Clonal restriction boundaries in Xenopus embryos shown with two intracellular lineage tracers

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Science  15 May 1987:
Vol. 236, Issue 4803, pp. 851-854
DOI: 10.1126/science.3576203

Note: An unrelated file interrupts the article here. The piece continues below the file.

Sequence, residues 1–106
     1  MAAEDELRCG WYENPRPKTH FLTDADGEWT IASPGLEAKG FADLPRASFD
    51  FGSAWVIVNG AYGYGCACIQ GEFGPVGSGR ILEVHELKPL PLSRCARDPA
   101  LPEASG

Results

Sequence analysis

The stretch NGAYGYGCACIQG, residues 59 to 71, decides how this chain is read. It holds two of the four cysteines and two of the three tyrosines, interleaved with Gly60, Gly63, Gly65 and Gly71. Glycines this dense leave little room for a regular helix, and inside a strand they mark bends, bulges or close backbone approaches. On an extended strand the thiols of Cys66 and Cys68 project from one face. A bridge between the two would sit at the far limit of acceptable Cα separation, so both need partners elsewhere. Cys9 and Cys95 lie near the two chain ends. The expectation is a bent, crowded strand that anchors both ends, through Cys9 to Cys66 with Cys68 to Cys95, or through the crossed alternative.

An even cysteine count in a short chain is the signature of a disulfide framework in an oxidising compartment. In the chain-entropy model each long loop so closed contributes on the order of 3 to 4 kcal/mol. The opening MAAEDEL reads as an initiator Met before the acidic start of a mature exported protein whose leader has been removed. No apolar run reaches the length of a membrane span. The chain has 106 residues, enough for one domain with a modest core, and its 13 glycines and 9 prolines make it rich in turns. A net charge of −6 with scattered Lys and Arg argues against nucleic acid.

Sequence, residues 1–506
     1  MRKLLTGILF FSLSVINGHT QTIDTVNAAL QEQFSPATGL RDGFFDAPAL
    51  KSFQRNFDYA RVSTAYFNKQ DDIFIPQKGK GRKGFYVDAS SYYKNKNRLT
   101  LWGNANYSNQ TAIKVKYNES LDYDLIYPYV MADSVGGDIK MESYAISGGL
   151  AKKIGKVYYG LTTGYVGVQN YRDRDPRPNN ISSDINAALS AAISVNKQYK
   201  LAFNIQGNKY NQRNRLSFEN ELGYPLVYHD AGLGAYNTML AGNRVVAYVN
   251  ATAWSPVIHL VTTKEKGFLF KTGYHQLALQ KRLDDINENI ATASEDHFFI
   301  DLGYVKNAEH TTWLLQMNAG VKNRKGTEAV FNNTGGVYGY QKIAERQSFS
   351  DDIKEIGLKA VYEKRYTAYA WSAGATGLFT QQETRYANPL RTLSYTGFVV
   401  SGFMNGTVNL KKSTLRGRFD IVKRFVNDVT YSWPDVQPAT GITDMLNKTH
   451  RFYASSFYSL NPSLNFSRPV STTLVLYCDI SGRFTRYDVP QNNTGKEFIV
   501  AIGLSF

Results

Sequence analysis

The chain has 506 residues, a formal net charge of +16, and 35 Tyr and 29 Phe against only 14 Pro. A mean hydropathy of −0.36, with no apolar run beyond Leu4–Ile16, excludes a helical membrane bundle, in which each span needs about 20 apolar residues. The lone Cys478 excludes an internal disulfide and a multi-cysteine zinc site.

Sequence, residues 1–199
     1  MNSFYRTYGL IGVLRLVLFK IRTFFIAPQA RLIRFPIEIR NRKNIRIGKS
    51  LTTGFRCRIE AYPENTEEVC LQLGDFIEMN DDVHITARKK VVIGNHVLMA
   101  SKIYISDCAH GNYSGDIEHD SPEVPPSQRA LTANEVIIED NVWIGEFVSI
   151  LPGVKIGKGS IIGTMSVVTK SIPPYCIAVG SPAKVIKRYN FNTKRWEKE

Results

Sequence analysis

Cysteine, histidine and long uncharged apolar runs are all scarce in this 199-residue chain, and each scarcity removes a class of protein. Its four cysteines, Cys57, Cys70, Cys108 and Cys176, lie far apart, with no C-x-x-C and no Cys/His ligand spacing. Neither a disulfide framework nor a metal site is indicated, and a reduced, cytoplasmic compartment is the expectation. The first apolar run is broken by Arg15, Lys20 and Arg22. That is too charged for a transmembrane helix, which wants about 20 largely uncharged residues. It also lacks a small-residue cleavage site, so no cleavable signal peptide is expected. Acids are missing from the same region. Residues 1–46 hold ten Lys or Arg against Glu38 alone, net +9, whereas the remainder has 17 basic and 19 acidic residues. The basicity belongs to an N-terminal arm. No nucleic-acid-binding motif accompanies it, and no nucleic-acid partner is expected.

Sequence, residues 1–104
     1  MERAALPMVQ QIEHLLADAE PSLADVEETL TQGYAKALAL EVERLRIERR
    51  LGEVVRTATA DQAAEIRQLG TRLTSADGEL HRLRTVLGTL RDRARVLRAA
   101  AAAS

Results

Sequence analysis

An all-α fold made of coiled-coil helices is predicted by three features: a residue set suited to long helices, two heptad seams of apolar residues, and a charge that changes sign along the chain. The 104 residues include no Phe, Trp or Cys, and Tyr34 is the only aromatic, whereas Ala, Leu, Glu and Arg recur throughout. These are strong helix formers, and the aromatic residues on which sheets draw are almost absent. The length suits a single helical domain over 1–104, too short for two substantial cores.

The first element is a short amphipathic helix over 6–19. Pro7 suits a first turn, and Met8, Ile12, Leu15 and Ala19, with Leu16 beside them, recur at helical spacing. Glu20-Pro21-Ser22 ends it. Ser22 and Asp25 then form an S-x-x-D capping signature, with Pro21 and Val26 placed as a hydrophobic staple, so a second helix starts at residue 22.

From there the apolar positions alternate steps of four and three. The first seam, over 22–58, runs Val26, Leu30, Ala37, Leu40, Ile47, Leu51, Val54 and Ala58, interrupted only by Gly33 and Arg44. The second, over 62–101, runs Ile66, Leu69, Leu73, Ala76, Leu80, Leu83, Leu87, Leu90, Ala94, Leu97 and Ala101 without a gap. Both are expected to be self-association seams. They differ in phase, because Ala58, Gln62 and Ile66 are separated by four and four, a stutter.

It has been proposed that clonal restriction boundaries develop in Xenopus embryos between clones initiated at the 512-cell stage, and that these boundaries result in formation of morphological compartments, each populated by progeny of a group of ancestral cells. Although this hypothesis has gained some acceptance, it has also been criticized because the use of only one cell lineage tracer was not a conclusive test of the hypothesis. However, the critical experiment, an assessment of the extent of mingling between two labeled clones in the same embryo, has now been performed. A model of the proposed arrangement of the ancestral cell groups in the 512-cell embryo predicted that the two clones would remain separate in 49% of cases and intermingle in 51% of cases. In fact, there was a bimodal distribution, in which separation of the clones occurred in 46% of embryos and extensive interclonal mingling was observed in 54%. These results are not compatible with hypotheses in which a unimodal distribution of mingling would be predicted but are consistent with the compartment hypothesis.